In addition to the epidemiological impact, significant genetic variation in circulating strains may involve different pathogenicity and virulence. A study from Kilif showed a change in the alternation of RSV subgroup dominance patterns because ON1 was introduced into this community. Previously, RSV-A predominated in up to 2 consecutive epidemics in Kilifi, whereas it predominated over RSV-B in 3 consecutive epidemics from 2012/2013 to 2014/2015. However, we did not find this phenomenon in our study. The first ON1 strain was found in Lanzhou in 2012 and in following years, RSV-A and B subtypes are still prevalent every 2 years. A study in Italy reported that the beginning and peak times of RSV were earlier than before because of the emergence of the ON1 genotype, and the phenomenon was also been found in our research.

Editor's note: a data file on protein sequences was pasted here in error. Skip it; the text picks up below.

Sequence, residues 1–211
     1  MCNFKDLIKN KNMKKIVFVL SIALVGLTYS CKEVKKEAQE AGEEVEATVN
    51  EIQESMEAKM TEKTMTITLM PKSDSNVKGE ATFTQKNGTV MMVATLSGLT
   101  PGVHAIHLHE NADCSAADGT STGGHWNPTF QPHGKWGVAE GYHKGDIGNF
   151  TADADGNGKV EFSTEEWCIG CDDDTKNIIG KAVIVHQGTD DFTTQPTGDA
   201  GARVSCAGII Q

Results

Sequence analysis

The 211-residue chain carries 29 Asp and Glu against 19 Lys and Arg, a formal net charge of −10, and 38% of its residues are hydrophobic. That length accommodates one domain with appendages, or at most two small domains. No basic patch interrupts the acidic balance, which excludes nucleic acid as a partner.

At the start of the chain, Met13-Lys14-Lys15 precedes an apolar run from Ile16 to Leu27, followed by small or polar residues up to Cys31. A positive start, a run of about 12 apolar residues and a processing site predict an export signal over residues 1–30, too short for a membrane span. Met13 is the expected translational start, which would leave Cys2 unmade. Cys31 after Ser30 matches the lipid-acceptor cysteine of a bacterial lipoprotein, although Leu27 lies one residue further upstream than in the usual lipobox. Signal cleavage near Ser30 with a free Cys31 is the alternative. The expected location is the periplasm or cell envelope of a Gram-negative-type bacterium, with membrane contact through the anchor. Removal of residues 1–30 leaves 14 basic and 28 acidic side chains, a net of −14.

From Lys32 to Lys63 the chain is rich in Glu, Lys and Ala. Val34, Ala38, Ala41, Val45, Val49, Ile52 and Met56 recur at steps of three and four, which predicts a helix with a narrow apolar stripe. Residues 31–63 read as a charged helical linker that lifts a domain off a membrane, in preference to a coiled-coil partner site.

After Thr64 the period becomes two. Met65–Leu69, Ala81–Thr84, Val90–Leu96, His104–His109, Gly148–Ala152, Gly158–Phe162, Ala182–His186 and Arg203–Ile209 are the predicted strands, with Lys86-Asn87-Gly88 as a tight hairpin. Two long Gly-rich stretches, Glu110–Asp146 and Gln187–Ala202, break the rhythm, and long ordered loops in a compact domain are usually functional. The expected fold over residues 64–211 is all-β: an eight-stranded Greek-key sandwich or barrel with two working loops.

The ON1 genotype was first detected in Ontario in the winter of 2010/2011 (November 2010).[11] To the best of our knowledge, the earliest ON1 sequence from a non-Canadian isolate was detected in Malaysia in November 2011.[16] In the ensuing years, the ON1 genotype has been found in South Africa,[18] Italy, Germany,[23] and South Korea,[17] indicating its rapid global dissemination during the 2012/2013 epidemic season. In China, the ON1 genotype was first reported in Beijing in 2013 (detected in November 2012),[24] and then in 2014, cities such as Chongqing, Shanghai, Shenzhen, Guangzhou, and other places also reported appearance of the novel genotype.[25,26] It can be inferred that Lanzhou, reported in our report, may be the earliest region of the emerging ON1 genotype in China (detected in August 2012 and spreading quickly in 2014/2015). Therefore, we can draw the conclusion that ON1 appeared and erupted 2 years later than abroad. These data demonstrate that ON1 was introduced into China from abroad, and in China's northwest, ON1 is spreading fast and completely replacing the previously genotypes, which may be the current situation of ON1 in China and worldwide.